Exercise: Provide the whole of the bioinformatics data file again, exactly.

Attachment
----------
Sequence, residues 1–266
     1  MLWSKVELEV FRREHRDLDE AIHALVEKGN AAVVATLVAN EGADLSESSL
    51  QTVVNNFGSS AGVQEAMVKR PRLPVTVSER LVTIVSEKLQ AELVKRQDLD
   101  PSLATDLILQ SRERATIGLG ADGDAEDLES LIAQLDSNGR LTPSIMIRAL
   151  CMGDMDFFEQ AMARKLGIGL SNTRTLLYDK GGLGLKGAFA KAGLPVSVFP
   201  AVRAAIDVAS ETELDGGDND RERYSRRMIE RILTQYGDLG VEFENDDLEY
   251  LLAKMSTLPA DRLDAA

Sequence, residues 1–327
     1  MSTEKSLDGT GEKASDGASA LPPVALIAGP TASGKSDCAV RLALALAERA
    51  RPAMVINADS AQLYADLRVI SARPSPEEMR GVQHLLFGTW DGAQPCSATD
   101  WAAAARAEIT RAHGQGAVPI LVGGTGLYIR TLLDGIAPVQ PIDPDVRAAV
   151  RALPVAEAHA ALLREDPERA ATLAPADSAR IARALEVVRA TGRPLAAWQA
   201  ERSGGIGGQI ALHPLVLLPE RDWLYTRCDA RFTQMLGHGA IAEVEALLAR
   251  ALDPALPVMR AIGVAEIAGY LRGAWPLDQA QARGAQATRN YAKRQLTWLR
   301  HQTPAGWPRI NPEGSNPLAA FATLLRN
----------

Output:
Sequence, residues 1–266
     1  MLWSKVELEV FRREHRDLDE AIHALVEKGN AAVVATLVAN EGADLSESSL
    51  QTVVNNFGSS AGVQEAMVKR PRLPVTVSER LVTIVSEKLQ AELVKRQDLD
   101  PSLATDLILQ SRERATIGLG ADGDAEDLES LIAQLDSNGR LTPSIMIRAL
   151  CMGDMDFFEQ AMARKLGIGL SNTRTLLYDK GGLGLKGAFA KAGLPVSVFP
   201  AVRAAIDVAS ETELDGGDND RERYSRRMIE RILTQYGDLG VEFENDDLEY
   251  LLAKMSTLPA DRLDAA

Sequence, residues 1–327
     1  MSTEKSLDGT GEKASDGASA LPPVALIAGP TASGKSDCAV RLALALAERA
    51  RPAMVINADS AQLYADLRVI SARPSPEEMR GVQHLLFGTW DGAQPCSATD
   101  WAAAARAEIT RAHGQGAVPI LVGGTGLYIR TLLDGIAPVQ PIDPDVRAAV
   151  RALPVAEAHA ALLREDPERA ATLAPADSAR IARALEVVRA TGRPLAAWQA
   201  ERSGGIGGQI ALHPLVLLPE RDWLYTRCDA RFTQMLGHGA IAEVEALLAR
   251  ALDPALPVMR AIGVAEIAGY LRGAWPLDQA QARGAQATRN YAKRQLTWLR
   301  HQTPAGWPRI NPEGSNPLAA FATLLRN